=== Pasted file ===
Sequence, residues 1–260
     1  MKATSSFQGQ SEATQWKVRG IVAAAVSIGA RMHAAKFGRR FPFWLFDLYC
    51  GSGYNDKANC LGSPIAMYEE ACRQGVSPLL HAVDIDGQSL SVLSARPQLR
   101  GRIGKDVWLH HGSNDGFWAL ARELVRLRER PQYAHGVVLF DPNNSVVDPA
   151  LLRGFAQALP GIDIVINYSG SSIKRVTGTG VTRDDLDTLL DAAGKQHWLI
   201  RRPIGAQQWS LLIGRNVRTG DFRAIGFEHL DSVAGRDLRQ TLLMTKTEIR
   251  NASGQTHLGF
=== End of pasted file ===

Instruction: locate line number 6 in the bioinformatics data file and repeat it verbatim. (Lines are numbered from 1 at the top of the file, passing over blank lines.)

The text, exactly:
   201  RRPIGAQQWS LLIGRNVRTG DFRAIGFEHL DSVAGRDLRQ TLLMTKTEIR